"There are more things in philosophy than are dreamt of in heaven and earth."
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#5
(01-08-2018, 10:14 AM)Chris Wrote: My thoughts were essentially the same as Laird's. The study is interesting, but not large enough to allow firm conclusions to be drawn. After seeing the post on Skeptiko I did mention it on another thread, thinking that it might be consistent with other results mentioned there, which might tell us something about the mechanism of psi:
http://psiencequest.net/forums/thread-wa...6#pid13026

I looked at this related paper by the same group:
https://w3.psychology.su.se/staff/jwd/cs...erlund.pdf

The results were actually above chance, both in terms of the percentage of the "remarkable correspondences" that related to targets rather than decoys, and in terms of the average ratings of the correspondences for targets versus decoys. It's possible that in a larger study these differences might become statistically significant, but this study is too small to tell us anything definite.

Jeez, I didn't think my post got much attention at Skeptiko. Thanks Chris. 

I'll echo my own reply to Laird above, in my own point about the small sample size, areas of science that have leaned on similar sizes for much of their papers such as psychology have been suffering horrible replication rates in the last ten years or so. So the odds that the study would get replicated with the same results even at the same size as it originally was are not good.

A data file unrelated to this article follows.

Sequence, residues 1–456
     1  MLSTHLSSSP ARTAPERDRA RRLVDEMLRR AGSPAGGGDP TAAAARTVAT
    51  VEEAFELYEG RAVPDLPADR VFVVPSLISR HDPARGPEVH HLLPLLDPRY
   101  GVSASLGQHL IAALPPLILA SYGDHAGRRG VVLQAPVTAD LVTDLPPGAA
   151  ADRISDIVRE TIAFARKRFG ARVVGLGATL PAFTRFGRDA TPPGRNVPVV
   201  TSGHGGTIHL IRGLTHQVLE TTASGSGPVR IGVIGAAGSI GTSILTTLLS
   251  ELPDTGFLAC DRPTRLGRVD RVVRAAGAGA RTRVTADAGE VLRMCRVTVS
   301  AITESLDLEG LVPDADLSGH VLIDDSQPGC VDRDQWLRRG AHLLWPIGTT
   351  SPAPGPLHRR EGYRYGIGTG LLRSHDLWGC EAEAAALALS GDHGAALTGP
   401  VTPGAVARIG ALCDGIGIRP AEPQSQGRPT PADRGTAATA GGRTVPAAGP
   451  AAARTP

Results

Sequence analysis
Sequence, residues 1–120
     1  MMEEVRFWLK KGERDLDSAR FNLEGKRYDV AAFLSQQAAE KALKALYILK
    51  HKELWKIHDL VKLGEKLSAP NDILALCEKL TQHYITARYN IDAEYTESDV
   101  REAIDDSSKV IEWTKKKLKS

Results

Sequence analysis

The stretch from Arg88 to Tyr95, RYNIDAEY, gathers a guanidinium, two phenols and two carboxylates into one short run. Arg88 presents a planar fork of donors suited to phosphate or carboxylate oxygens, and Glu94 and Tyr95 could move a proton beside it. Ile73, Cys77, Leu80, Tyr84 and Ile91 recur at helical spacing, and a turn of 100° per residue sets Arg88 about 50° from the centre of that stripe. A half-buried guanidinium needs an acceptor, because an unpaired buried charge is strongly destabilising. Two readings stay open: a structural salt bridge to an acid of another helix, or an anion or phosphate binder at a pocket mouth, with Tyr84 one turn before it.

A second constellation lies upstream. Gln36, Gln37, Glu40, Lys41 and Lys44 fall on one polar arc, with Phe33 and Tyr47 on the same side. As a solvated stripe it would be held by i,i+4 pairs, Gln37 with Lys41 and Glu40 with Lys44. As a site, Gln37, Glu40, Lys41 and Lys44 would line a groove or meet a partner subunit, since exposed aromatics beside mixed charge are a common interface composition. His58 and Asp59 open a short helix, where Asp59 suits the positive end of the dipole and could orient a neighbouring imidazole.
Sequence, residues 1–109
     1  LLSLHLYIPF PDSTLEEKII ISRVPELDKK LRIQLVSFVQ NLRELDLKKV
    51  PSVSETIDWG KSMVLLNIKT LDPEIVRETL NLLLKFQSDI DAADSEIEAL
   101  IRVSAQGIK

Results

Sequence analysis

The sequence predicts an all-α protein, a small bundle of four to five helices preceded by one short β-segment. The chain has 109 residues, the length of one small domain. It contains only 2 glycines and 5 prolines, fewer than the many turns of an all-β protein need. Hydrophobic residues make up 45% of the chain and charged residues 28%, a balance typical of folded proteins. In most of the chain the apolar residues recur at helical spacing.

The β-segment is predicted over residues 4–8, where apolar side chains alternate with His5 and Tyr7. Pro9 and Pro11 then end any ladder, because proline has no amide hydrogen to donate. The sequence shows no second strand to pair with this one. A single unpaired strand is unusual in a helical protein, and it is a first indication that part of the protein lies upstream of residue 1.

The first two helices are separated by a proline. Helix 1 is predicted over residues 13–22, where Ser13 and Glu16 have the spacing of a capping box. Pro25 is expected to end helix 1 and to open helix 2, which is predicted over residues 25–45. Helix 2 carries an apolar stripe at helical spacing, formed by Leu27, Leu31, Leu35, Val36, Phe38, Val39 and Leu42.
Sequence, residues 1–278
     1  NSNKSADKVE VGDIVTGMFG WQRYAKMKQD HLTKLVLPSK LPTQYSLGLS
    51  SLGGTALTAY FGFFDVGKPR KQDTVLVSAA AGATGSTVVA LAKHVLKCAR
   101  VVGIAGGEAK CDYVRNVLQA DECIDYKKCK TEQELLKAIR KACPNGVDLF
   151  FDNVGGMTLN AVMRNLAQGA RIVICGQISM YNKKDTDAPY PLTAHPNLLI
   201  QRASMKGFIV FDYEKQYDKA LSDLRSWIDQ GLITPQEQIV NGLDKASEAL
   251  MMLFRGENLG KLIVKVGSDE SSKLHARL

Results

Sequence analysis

So you are saying that this paper actually says something about the mechanisms behind PSI? I'd love for you to elaborate the last paragraph of your reply, I'm kinda confused on it? The paper just confused me in general. 

Would more statistically significant results be in favor of a PSI "hypothesis"? 

(Sorry if I'm making no sense)
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#6
(01-08-2018, 10:27 AM)Desperado Wrote: Jeez, I didn't think my post got much attention at Skeptiko. Thanks Chris. 

I'll echo my own reply to Laird above, in my own point about the small sample size, areas of science that have leaned on similar sizes for much of their papers such as psychology have been suffering horrible replication rates in the last ten years or so. So the odds that the study would get replicated with the same results even at the same size as it originally was are not good.